Monday, January 02, 2006


This stuff is so beautiful. Here Dawkins discusses another force for speciation which seems counterintuitive, but, I think, feels about right, if feelings are allowed in at all when it comes to science. Here he discusses two species of the frog, narrowmouth, found in the United States from coast to coast. The frogs are roughly divided by type into eastern and western species. Their ranges meet in the middle, and an interesting detail reveals itself where the ranges of the two meet.

"As with any two species, there must have been a time when they were one. Something separated them: to use the technical term, the single ancestral species 'speciated' and became two. It is a model for what happens at every branch point in evolution. Every speciation begins with some sort of initial separation between two populations of the same species. It isn't always a geographical separation, but, as we shall see in the Cichlid's Tale, an initial separation of some kind makes it possible for the statistical distribution of genes in the two populations to move apart. This usually results in an evolutionary divergence with respect to something visible: shape or colour or behaviour. In the case of these two populations of American frogs, the western species became adapted to life in drier climates than the eastern, but the most conspicuous difference lies in their mating calls. Both are squeaky buzzes, but each buzz of the western species lasts about twice as long (2 seconds) as the eastern species, and its predominant pitch is noticeably higher: 4,000 cycles per second as against 3,000. That is to say, the predominant pitch of the western narrowmouth is about top C, the highest key on a piano, and the eastern predominant pitch is around the F# below that. These sounds are not musical, however. Both calls contain a mixture of frequencies, ranging from far below the predominant to far above. Both are buzzes, but the eastern buzz is lower. The western call, as well as being longer, begins with a distinct peep, rising in pitch before the buzz takes over. The eastern frog goes straight into its shorter buzz.

"Why go into so much detail about these calls? Because what I have described is true only in the zone of overlap where the comparison between them is clearest, and that is the whole point of the tale. W. F. Blair tape recorded frogs from a good spread of sampling locations across the United States, with fascinating results. In areas where the two species of frogs never meet one another—Florida for the eastern species and Arizona for the western—their songs are much more similar to each other in pitch: the predominant pitch of both is around 3,500 cycles per second: top A on the piano. In areas close to the zone of overlap but not quite in it, the two species are more different, but not as different as they are in the zone of overlap itself.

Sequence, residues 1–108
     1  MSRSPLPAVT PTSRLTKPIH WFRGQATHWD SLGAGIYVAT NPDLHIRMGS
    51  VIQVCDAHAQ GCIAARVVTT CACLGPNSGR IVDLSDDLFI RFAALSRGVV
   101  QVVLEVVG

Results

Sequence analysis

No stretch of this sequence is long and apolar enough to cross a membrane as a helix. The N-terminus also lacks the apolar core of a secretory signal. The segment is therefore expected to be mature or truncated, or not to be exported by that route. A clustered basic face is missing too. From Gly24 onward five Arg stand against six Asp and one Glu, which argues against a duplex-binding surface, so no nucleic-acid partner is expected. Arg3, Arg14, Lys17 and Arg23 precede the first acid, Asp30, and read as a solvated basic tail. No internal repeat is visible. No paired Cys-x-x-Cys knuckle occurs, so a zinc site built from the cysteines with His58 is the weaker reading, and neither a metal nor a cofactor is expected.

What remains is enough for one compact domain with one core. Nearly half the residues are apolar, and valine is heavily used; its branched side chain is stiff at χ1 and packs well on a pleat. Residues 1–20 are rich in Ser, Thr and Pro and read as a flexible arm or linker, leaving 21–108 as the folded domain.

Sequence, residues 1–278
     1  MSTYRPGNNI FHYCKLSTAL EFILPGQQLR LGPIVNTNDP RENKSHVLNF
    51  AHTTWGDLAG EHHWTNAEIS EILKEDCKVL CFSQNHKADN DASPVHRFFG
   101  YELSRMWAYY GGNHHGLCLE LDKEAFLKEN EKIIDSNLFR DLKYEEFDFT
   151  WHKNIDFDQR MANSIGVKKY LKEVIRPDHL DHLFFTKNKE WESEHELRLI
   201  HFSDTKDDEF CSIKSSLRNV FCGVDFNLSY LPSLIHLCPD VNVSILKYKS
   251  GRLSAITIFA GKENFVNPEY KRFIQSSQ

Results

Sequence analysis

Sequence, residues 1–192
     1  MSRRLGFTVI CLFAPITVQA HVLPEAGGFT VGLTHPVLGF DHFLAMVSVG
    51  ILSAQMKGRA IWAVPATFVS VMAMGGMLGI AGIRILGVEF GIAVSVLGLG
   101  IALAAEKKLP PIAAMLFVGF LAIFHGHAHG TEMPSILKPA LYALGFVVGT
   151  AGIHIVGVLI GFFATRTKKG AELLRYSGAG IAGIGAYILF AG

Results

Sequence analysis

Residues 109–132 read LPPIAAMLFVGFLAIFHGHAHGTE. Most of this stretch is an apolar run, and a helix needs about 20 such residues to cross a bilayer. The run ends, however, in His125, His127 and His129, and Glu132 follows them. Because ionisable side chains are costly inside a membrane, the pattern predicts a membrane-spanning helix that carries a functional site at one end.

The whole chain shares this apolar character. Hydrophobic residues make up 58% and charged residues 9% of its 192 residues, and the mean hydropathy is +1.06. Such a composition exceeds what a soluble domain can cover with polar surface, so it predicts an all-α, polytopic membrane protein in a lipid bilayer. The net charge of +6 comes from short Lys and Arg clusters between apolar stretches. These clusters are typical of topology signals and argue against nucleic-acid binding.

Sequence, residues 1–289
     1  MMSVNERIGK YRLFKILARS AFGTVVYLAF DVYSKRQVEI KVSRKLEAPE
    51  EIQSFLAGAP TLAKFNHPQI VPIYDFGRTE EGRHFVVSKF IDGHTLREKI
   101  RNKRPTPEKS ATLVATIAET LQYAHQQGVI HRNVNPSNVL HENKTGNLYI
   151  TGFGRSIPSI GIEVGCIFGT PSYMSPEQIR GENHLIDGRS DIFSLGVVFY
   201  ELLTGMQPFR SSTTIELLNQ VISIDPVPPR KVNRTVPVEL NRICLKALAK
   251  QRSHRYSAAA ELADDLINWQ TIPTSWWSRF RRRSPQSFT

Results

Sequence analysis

"The conclusion is intriguing. Something is pushing the calls of these two species apart in the zone where they overlap. Blair's interpretation, which not everybody accepts, is that hybrids are penalized. Anything that helps potential miscegenators to distinguish the species and avoid the wrong one is favoured by natural selection. Such small differences as there may be are exaggerated in just that part of the country where it matters. The great evolutionary geneticist Theodosius Dobzhansky called this 'reinforcement' of reproductive isolation. Not everybody accepts Dobzhansky's reinforcement theory, but the Narrowmouth's Tale, at least, seems to offer support." —Richard Dawkins, THE ANCESTOR'S TALE, pp. 311-312.

Isn't that beautiful and so very clear?


Just watched "Downfall", a German film based on the book by Hitler's private secretary who spent from 1942 through 1945 with the Fuhrer. The film was nominated for an academy award in the category of best foreign film though it did not win. It won several honors in the German equivalents of Hollywood's Oscars.

The film opens briefly with the moment the young woman, Junge, is hired. The Fuhrer is presented as a sweet, reasonable man. Immediately the film cuts to 1945, and the final days in Hitler's bunker in Berlin. You cannot imagine a more brutal and claustrophobic film as this as we watch Hitler lose touch with reality while those around him drink and smoke and stare gloomily at the walls between making brief attempts to tell Hitler what the truth is. Eva throws parties and tries to remain upbeat, as if she has no idea what is going on around her. If anything, the film is underplayed throughout. Who needs dramatic or melodramatic touches when the reality is brutal enough, eh? I don't believe I've seen a more depressing and enlightening film in quite awhile. The final hours of Frau and Joseph Goebbels were particularly disturbing. We are not spared a long scene when Frau Goebbels places a crushed ampule of potassium cyanide into the mouths of each of her five drugged children while they sleep.

The "Downfall" is worth watching if you like history and realism in your films. Watch it on a sunshiny day in midsummer.


Someone, it may have been Gore Vidal, said in that documentary that when all you have issuing from leadership is lies, lies and more lies, then their can be no basis for truth. No better description of what Bush and company are attempting can be put forth than that idea. Bush's popularity numbers clearly show us how many Americans are unable to tell the truth from a lie. Pretty scary figures for the rest of us, eh, even when the numbers are less than fifty percent?

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